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Two In A Row: North Texas 38 Southern Miss 14

North Texas came into this game as the top rushing offense in the league at 216 yards per game. While this is a fun statistical note, to the majority of close-watching Mean Green fans this is simply a reminder that NT cannot pass. NT is eleventh of fourteen in pass yards per game at 191 per contest. 

Knowing who you are is essential, as it allows you to comfortably game plan and mitigate risk appropriately. North Texas is best when they are running the ball and Aune is simply a counter, throwing the ball to open receivers on easily ran routes. 

NT took on a Southern Miss squad that has played six quarterbacks, including a former student coach in there. We did not write a preview but if we did we would note how USM was last in every category worth looking at: Rushing offense (86), Passing offense (168), Scoring offense (13.6) and if there ever was a sure-thing kind of game it was this one. NT came into this matchup as a -5 point favorite, which was bold, Mr. Gambler man. 

By those measures, NT performed above expectations: They blew out the Golden Eagles 38-14 thanks to 38 unanswered. If you groaned and rolled your eyes at being down 14 early, you were not alone. NT had another first quarter end down 14-0. A TD and a pick-six saw NT down before NT’s offense started running on leg-power.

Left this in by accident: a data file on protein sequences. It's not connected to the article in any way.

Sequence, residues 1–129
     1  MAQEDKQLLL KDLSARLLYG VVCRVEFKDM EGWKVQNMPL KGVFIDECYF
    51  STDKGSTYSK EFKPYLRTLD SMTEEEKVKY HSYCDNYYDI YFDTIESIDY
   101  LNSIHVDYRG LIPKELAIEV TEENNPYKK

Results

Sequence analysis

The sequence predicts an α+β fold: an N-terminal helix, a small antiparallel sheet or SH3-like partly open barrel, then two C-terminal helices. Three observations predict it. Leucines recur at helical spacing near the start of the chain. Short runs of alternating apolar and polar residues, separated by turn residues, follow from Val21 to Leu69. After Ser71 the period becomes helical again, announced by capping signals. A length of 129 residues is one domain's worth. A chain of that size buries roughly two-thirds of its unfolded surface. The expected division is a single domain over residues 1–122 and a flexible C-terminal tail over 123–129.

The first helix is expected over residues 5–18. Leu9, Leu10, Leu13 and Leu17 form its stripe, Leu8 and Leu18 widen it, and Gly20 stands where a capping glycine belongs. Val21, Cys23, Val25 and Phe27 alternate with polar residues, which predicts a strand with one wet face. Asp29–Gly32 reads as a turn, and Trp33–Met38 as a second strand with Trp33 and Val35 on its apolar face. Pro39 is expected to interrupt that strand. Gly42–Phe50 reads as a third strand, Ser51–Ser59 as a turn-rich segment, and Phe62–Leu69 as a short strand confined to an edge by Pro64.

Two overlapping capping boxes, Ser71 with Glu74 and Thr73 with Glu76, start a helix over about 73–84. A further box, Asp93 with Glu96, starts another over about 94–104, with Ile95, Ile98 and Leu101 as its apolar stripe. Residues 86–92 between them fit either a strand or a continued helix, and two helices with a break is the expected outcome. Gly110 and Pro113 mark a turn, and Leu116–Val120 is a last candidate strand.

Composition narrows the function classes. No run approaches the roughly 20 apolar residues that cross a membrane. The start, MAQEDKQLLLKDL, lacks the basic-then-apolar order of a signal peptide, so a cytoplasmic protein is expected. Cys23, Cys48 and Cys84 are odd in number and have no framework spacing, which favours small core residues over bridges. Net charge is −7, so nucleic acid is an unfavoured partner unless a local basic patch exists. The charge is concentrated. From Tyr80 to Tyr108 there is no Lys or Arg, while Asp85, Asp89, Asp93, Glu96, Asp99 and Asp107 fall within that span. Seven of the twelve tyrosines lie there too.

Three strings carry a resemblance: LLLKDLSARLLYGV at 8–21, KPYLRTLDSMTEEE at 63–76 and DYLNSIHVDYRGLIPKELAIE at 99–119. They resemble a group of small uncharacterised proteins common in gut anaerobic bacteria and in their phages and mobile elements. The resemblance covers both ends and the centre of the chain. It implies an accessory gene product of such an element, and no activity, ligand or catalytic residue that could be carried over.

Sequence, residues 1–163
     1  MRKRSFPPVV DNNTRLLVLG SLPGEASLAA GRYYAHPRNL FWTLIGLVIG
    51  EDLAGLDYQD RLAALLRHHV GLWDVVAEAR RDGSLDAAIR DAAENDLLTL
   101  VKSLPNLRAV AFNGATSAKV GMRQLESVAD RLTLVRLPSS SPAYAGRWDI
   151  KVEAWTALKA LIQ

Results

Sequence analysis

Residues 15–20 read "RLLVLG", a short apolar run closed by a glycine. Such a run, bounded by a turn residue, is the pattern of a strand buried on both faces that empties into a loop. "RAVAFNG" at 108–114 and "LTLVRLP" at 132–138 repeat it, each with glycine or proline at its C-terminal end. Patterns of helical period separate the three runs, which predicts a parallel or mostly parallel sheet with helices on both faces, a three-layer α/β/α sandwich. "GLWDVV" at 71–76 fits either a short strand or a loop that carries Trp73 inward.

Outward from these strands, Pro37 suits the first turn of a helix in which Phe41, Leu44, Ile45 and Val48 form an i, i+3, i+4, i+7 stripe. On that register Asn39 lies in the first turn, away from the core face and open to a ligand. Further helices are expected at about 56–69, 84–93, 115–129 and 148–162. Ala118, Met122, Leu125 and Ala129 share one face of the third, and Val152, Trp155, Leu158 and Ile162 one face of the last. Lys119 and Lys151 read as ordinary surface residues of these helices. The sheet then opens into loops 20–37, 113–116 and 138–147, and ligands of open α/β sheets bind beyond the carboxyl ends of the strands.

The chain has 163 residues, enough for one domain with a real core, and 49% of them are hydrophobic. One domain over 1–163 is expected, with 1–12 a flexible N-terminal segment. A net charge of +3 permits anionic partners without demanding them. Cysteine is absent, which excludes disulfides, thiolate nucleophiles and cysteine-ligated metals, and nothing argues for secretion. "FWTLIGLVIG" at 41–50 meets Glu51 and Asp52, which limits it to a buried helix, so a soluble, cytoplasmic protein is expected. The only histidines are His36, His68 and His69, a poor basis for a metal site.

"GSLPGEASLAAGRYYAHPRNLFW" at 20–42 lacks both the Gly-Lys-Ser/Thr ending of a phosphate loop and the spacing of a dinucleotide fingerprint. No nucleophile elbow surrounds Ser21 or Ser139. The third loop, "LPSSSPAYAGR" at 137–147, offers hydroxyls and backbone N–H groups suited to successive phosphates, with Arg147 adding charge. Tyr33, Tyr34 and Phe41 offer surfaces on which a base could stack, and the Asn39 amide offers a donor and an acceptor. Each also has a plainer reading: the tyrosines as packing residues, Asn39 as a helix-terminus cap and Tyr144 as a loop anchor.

Isaiah Johnson ran 17 times for 119 and a score, Ikaika Ragsdale had 15 carries for 112 and a couple of scores, and Ayo Adeyi, and Torrey (left injured) had 23 for 86 between them. All told, NT ran 59 times for 321 and 3 scores. 

Austin Aune added 216 in his typical 53% passing effort (the one pick). Pirtle caught five, Detraveon Brown had four, and Damon Ward had 3. It was utilitarian and practical and while not anything that will change hearts and minds and opinions, it was effective football. It was winning football.

There were 9 penalties for 99 yards. That hasn’t changed. There were mistakes. That hasn’t changed. If Southern Miss had a decent QB the secondary would have been put under greater stress. They don’t and they didn’t.